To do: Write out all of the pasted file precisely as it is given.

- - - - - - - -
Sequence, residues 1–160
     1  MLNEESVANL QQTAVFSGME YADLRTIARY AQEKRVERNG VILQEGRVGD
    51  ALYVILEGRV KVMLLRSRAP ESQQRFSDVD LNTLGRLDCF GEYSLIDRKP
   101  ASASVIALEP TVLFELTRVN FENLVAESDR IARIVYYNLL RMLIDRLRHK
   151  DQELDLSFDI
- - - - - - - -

Sequence, residues 1–160
     1  MLNEESVANL QQTAVFSGME YADLRTIARY AQEKRVERNG VILQEGRVGD
    51  ALYVILEGRV KVMLLRSRAP ESQQRFSDVD LNTLGRLDCF GEYSLIDRKP
   101  ASASVIALEP TVLFELTRVN FENLVAESDR IARIVYYNLL RMLIDRLRHK
   151  DQELDLSFDI